The worst kind of reality show

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James M. Berklan, McKnight's Editor
James M. Berklan, McKnight's Editor

All we wanted was a nugget, a morsel, a few bread crumbs maybe. And this is what we got instead? Lord, help us.

If long-term care providers (and their residents and families) needed any more depressing confirmation that they are not on the presidential radar screen, they've gotten it full-blast over the past week or so.

First, President Obama barely acknowledges such a thing as healthcare in his State of the Union address last week. Despite impassioned pleas from long-term care lobbyists, he wouldn't touch nursing home care with somebody else's 10-foot pole, to riff on a pair of old sayings.

The Republicans also have had their turn. First, we had presidential candidate Rick Santorum saying that the Centers for Medicare & Medicaid Services should be abolished. Granted, he was trying to point out a need to clean up excessive bureaucracy. But this is the best he could do — advocating the elimination of the source that pays for about 75% of the payments for U.S. long-term care?

Then the nonsense climbed to new lows Tuesday with “robo-calls” across the pivotal state of Florida. They warned voters that former Massachusetts Gov. Mitt Romney had forced “Holocaust survivors” to eat non-kosher food for the first time in their lives. The calls were paid for by Newt Gingrich's campaign at a time when the former House Speaker was forecast to lose Tuesday's Florida primary by double-digit percentage points.

On Monday, Gingrich also had told a live crowd in Florida that, “Romney as governor eliminated kosher food for retired Jewish senior citizens.”

Great, finally something serious for those covering senior care to report about, right?

Well, not really. You see, it seems that Gingrich's campaign might have been looking for any hot-button issue it could find. One Jewish journalist called it “a last-minute attempt from a second place GOP candidate to play on the fears of the Jewish elderly.”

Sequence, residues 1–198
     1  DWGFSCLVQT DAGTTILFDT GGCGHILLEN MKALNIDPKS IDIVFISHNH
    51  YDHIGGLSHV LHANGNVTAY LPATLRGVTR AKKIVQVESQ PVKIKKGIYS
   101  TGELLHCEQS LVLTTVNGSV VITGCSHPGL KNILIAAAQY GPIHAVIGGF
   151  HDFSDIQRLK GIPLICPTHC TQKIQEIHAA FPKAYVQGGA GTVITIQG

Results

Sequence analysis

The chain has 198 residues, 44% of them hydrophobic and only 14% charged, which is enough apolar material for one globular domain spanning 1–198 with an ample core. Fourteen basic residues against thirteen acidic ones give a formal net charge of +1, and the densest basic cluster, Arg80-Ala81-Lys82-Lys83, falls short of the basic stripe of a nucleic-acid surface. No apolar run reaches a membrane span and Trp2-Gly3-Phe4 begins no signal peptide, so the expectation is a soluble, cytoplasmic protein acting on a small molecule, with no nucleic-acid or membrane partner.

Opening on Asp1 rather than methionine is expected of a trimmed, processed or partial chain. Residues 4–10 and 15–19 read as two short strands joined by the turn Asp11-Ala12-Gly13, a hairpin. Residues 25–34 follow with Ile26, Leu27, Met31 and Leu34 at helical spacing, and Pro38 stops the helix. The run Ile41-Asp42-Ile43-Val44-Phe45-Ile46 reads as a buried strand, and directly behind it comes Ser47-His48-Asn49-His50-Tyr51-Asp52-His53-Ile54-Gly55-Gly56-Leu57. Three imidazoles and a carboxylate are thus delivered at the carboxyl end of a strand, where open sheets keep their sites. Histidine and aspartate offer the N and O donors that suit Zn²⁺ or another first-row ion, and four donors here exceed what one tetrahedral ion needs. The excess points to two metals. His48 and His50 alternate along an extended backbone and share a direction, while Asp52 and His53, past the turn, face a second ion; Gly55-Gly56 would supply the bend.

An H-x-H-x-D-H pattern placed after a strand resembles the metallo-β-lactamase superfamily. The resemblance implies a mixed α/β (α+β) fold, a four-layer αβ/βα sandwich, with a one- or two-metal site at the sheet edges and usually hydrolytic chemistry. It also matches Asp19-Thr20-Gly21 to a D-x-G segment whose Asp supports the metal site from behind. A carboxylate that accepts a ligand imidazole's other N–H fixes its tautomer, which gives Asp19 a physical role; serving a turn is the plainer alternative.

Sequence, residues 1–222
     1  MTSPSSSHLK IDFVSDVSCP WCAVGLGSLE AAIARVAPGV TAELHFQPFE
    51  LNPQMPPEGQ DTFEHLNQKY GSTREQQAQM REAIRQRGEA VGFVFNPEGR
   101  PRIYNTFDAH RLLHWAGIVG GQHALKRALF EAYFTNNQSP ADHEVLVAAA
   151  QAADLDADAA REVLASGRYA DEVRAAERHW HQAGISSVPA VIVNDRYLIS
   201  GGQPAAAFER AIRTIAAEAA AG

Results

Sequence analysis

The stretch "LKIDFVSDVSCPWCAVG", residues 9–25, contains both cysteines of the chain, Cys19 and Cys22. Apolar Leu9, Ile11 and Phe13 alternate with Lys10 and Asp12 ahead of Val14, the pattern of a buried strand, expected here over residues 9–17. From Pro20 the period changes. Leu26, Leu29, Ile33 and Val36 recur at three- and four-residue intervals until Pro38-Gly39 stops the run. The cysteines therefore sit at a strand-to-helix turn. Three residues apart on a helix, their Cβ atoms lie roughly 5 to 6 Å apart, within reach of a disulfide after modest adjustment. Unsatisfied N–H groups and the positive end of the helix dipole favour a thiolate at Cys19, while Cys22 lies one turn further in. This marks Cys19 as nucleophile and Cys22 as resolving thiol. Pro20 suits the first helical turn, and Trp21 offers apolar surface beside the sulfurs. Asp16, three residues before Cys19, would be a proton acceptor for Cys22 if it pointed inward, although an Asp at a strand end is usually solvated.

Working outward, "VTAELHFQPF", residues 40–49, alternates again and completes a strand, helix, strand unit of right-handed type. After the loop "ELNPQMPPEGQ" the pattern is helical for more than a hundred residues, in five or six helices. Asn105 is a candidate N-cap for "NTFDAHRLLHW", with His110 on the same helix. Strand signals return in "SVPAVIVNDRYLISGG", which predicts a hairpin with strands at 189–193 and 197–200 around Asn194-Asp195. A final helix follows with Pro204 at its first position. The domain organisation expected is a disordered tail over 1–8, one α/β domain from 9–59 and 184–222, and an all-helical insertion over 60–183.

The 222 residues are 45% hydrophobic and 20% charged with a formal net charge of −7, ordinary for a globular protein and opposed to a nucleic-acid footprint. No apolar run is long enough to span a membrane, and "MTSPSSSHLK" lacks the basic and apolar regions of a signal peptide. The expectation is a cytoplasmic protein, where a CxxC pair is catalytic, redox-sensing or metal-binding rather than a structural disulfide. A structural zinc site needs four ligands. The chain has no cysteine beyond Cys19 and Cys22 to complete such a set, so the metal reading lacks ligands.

In fact, numerous outlets and bloggers — Jew and Gentile alike — have spent the better part of the last two days trying to clarify the issue. They write that, due to the higher costs of preparing kosher meals, often for relatively few residents, facilities themselves had decided to close their own kosher kitchens and bring in the food by other means. No one was ever denied — or threatened to be denied  — access to kosher meals.

True, a proposal that would have granted $600,000 to allow the kitchens to remain open was vetoed by Romney. He was either trying to be prudent during a budget crisis or was being insensitive to Jews, depending on your point of view. Regardless, the Legislature overrode the veto and the kitchens remained open anyway.

It's also worth noting this was in 2003, although Gingrich said he just learned of it. In Florida. Right before the primary.

“Gingrich's comments have little basis in reality,” concluded Jewish blogger Alana Goodman for the online Commentary magazine. 

So there you have it: No real mention at all from Obama, unrealistic commentary from Santorum and “little basis” in reality from Gingrich.

The only thing real clear right now is where senior care fits on the presidential totem pole: underground.

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Daily Editors' Notes

McKnight's Daily Editors' Notes features commentary on the latest in long-term care news and issues. Entries are written by Editorial Director John O'Connor, Editor James M. Berklan, Senior Editor Elizabeth Newman and Staff Writer Marty Stempniak.

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